Scores of people - mostly middle-aged men - fought over 5,000 free pairs of "eclipse glasses" that were being distributed in the car park of a shopping mall. Many of the glasses were destroyed in the process.
Were the rioters moonstruck or sunstruck? In many parts of the 60-mile wide band of total eclipse in northern France, from Cherbourg to Strasbourg, it was difficult to be anything but cloud-struck. Although the French skies were not completely covered, the town of Noyon, north of Paris, chosen as the official viewing spot by the Societe Astronomique de France, suffered a total grey-out. Reims, a little to the east, managed to see five seconds of total eclipse, instead of the full two minutes.
Passengers on board the Brittany Ferries ship Normandie, travelling between Caen and Portsmouth, were luckier. The ship's captain found a cloudless patch of sky for the full duration of the eclipse in mid-Channel.
In Paris, tens of thousands of people blocked the Place de la Concorde, the Champs de Mars and bridges over the Seine in the hope of getting a better view of the almost complete eclipse over the capital. They booed and whistled whenever clouds spoilt their fun.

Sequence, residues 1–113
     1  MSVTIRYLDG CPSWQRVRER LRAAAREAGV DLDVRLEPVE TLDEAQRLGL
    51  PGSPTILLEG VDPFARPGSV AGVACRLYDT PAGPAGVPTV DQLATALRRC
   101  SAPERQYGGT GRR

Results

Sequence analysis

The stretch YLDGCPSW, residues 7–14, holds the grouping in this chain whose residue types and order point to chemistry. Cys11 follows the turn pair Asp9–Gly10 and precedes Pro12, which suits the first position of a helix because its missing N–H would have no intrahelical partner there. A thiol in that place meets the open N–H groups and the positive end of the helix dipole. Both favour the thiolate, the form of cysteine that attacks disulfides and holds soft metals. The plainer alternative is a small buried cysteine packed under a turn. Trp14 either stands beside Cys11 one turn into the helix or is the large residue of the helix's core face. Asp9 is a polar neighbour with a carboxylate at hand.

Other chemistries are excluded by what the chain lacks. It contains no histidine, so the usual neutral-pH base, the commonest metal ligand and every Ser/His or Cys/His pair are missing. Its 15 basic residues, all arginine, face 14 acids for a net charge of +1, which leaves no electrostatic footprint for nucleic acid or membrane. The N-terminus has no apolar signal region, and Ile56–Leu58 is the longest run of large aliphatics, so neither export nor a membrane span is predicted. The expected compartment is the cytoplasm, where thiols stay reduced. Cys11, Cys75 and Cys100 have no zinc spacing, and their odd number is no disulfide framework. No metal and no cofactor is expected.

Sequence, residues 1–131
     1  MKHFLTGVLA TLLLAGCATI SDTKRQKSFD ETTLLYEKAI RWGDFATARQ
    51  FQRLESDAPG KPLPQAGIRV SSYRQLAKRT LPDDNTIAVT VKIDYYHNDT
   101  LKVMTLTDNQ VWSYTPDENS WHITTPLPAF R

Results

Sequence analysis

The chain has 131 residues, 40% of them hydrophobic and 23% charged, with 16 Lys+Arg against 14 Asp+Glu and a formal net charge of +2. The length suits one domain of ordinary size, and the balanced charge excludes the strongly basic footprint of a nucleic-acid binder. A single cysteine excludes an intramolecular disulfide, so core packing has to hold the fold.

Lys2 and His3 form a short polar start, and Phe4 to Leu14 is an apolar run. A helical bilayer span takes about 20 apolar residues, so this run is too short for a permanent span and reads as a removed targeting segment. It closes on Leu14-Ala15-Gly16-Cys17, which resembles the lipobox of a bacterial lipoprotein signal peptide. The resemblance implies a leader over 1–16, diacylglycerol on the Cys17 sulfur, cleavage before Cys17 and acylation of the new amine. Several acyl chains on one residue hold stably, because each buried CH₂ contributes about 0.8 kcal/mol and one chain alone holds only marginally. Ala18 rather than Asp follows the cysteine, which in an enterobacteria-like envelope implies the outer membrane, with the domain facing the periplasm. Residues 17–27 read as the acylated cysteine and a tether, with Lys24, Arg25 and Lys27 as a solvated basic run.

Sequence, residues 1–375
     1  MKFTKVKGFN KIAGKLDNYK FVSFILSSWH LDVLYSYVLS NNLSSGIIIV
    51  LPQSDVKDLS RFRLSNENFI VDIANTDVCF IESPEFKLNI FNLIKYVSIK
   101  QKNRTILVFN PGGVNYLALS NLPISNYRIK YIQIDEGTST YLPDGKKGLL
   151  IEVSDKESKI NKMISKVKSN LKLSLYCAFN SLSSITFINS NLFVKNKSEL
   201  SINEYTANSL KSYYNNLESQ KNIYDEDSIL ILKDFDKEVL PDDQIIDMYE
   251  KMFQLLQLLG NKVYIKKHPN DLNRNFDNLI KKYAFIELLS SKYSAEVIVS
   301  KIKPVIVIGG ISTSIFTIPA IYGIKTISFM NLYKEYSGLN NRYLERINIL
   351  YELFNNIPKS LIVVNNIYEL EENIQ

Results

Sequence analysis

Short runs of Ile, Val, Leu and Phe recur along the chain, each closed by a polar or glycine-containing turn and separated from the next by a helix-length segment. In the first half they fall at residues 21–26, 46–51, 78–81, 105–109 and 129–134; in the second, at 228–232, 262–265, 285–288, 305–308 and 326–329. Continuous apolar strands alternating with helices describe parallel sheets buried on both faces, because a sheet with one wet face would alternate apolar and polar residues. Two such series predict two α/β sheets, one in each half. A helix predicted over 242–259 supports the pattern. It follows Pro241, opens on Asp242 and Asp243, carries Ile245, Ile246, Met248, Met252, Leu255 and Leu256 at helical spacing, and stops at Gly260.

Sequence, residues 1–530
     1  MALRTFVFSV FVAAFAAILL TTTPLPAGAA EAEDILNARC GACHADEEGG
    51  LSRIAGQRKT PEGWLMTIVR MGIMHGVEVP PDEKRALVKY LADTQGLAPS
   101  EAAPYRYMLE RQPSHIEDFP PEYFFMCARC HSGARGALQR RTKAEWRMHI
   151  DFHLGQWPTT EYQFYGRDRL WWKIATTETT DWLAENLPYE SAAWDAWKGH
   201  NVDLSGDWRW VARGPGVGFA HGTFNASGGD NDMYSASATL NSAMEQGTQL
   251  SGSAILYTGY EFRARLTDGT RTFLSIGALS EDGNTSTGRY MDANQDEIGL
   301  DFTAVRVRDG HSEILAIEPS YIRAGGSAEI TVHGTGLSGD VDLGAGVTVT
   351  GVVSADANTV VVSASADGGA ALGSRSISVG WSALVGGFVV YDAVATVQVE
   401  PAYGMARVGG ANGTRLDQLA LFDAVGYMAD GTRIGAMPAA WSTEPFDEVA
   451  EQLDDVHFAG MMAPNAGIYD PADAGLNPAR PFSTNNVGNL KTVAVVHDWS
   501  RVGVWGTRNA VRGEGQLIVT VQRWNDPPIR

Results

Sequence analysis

Several apocalyptic sects - and the couturier Paco Rabanne - had forecast that the eclipse would be accompanied by widespread devastation, including the destruction of Paris and/or parts of the departement of Gers by Mir crashing to Earth. The nearest any of the predictions came to fulfilment was a mock enactment of the space-station crash, which attracted thousands of tourists to the town of Condom, in Gers.